When run in *polarized* rendering modes (e.g. `scalar_spectral_polarized`

) Mitsuba 2 will track the full polarization state of light during a simulation. This state is described using a 4-dimensional quantity known as the *Stokes vector* \(\mathbf{s} = [s_0, s_1, s_2, s_3]\), which parameterizes the elliptical shape of the associated transverse oscillation [Col93].

\(s_0\) is equivalent to radiance and does not carry information about polarization.

\(s_1\) distinguishes horizontal vs. vertical linear polarization, where \(s_1 = \pm 1\) stand for completely horizontally or vertically polarized light respectively.

\(s_2\) is similar to \(s_1\) but distinguishes “diagonal” linear polarization at 45 degree angles.

\(s_3\) distinguishes right vs. left circular polarization, where \(s_3 = \pm 1\) stand for fully right or left circularly polarized light respectively.

Physically plausible stokes vectors need to fulfill \(s_0 \ge \sqrt{s_1^2 + s_2^2 + s_3^2}\).

Note that this information has to be tracked separately per wavelength.

A crucial detail here is the reference coordinate system (or frame) that is chosen to perform these “measurements”. As long as it is orthogonal to the beam of light, this is purely a matter of convention. Mitsuba 2 follows the standard textbook description of polarization and chooses a right-handed coordinate system where the z-axis is along the light propagation direction like so:

In other words, when describing the polarization state using a Stokes vector, we look “into” the beam of light from the sensor side. The horizontally polarized light (with \(\mathbf{s} = [1, 1, 0, 0]\)) shown above is only described as such in this specific frame \({\mathbf{x}, \mathbf{y}}\). It is completely equivalent to choose a different frame \(\mathbf{x}', \mathbf{y}'\) and then the polarization state would be described with Stokes vector \(\mathbf{s} = [1, 0, -1, 0]\) instead:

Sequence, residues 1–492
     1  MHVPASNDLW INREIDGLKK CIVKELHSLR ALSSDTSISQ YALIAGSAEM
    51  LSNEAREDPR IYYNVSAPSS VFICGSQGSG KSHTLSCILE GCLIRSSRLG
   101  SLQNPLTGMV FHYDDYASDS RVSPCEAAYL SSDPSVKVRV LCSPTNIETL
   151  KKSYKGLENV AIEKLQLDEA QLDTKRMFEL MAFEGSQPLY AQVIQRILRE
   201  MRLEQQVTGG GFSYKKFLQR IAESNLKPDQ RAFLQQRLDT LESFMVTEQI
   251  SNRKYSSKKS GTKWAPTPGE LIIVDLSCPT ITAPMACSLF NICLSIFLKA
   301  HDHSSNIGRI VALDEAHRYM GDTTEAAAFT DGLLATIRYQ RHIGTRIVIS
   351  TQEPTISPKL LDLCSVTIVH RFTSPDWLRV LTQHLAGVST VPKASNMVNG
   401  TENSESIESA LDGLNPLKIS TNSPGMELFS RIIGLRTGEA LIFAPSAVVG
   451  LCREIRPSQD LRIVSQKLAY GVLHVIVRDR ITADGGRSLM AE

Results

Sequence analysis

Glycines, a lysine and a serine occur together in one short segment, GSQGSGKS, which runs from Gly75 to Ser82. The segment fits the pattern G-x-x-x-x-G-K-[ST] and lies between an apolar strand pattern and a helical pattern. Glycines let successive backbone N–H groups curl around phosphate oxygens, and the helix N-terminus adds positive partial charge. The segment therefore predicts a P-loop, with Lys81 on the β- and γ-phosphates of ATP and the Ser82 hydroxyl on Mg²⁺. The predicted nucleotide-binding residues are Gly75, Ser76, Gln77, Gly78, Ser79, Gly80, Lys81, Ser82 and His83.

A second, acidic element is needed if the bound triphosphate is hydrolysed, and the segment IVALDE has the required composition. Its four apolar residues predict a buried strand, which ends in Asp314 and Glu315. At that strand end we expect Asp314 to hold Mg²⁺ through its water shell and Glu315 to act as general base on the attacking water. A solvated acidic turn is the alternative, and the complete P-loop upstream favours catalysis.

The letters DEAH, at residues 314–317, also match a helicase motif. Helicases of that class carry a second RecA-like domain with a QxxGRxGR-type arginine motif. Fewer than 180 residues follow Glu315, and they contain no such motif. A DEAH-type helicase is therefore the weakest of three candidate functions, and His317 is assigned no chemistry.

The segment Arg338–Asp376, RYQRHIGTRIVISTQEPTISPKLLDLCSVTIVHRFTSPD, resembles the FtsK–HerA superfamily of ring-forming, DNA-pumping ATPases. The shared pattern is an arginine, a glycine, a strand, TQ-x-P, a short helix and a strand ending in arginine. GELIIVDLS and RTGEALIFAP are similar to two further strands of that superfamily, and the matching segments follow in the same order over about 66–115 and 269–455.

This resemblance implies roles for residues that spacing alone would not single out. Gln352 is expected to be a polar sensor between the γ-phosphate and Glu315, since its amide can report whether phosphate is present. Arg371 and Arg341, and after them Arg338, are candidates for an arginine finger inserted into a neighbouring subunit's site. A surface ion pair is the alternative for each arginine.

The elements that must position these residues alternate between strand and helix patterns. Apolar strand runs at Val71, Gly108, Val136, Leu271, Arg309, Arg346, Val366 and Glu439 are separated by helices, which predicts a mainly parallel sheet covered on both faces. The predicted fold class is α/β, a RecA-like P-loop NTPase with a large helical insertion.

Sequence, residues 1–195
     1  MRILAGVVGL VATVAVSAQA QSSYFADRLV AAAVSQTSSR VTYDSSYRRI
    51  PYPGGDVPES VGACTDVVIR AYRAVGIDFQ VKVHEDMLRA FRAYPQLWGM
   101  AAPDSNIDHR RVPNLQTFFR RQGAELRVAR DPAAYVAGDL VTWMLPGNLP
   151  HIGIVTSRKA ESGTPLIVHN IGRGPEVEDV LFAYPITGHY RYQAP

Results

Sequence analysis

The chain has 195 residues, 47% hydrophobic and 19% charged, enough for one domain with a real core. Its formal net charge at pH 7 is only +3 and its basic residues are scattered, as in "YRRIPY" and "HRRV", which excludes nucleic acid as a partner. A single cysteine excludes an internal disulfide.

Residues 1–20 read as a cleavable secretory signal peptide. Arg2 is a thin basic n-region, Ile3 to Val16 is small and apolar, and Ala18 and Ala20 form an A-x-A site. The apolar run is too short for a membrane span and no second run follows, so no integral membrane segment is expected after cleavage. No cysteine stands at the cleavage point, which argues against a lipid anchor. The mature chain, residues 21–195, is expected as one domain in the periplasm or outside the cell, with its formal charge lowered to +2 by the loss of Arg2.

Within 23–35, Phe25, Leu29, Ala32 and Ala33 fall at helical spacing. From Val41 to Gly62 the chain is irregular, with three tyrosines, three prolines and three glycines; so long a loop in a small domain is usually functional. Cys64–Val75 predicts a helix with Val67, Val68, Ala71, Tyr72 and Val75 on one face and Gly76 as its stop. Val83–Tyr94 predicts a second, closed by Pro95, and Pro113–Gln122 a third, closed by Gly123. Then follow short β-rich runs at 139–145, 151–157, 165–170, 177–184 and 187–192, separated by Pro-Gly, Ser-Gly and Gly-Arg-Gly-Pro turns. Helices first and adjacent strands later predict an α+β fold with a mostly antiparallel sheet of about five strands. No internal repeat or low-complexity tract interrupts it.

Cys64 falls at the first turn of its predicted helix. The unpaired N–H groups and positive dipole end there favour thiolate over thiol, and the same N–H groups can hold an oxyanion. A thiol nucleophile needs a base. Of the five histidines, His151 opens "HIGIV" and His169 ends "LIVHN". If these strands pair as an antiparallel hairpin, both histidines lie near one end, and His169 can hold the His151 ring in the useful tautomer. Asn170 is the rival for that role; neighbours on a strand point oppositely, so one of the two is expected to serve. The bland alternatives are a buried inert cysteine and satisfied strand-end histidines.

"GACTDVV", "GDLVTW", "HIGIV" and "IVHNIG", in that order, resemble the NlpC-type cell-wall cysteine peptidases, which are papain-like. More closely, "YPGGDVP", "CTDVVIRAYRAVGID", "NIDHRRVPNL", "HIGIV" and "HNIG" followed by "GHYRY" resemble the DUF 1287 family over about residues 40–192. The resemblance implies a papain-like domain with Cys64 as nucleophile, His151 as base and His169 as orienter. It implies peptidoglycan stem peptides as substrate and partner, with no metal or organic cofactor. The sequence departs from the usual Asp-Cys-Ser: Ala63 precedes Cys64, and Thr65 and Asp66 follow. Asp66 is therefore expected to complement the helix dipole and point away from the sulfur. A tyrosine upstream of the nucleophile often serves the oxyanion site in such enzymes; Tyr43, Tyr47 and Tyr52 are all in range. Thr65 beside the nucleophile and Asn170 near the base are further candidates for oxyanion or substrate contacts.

During rendering, light will of course also interact with matter which will generally affect its polarization state. This change is described by a *Mueller matrix* \(\mathbf{M} \in \mathbb{R}^{4\times4}\). After a reflection (or transmission), the incident (\(\mathbf{s}_i\)) and outgoing (\(\mathbf{s}_o\)) Stokes vectors are related by \(\mathbf{s}_o = \mathbf{M}\mathbf{s}_i\). This raises the same questions about reference frames as in the Stokes vector case, only that now *two* frames need to be defined for both incident and outgoing direction of the interaction:

(Note that here \(\omega_i\) is assumed to point towards the light source, thus the frame needs to be constructed based on \(-\omega_i\) which is along the flow of light.)

With Mueller matrices, the standard BSDF definition \(f_r(\lambda, \omega_i, \omega_o)\) used in unpolarized rendering can be generalized to a polarized pBSDF \(\mathbf{M}(\lambda, \omega_i, \omega_o)\). Mitsuba 2 includes pBSDF implementation for conductors and dielectrics (following the polarized Fresnel equations), as well as standard optical elements such as linear polarizers and retarders.

Full light transport simulations with multiple interactions complicate things even further. Multiplications of subsequent Mueller matrices along a light path are only meaningful, if their reference frames match at this connection. In practice, additional coordinate rotations (red arrows in Figure below) are necessary to ensure this.

Luckily, such a frame rotation can itself be expressed with a simple Mueller matrix. In Mitsuba 2, sampling or evaluation routines of pBSDFs always return matrices that are already pre-rotated on both ends to align with the desired incident and outgoing directions to make this process simpler.

A last important detail in polarized rendering is the question of reciprocity. Unfortunately, pBSDFs generally do not follow *Helmholtz reciprocity* like standard BSDFs do, and are only defined along the direction of light. This complicates the implementation of some (e.g. bidirectional) rendering techniques slightly [JA18] [MSWK16]:

When tracing radiance emitted from the light sources (e.g. in a light tracer), everything follows the standard flow of light. Here, the simulation can simply track Stokes vectors instead of radiance and perform the necessary Mueller matrix multiplications.

When tracing importance “emitted” from sensors (e.g. in a path tracer), things are reversed and we need to track the (Mueller matrix valued) throughput from the sensor side. Additional care is needed in order to apply the right order of operations when multiplying Mueller matrices at the encountered surfaces here.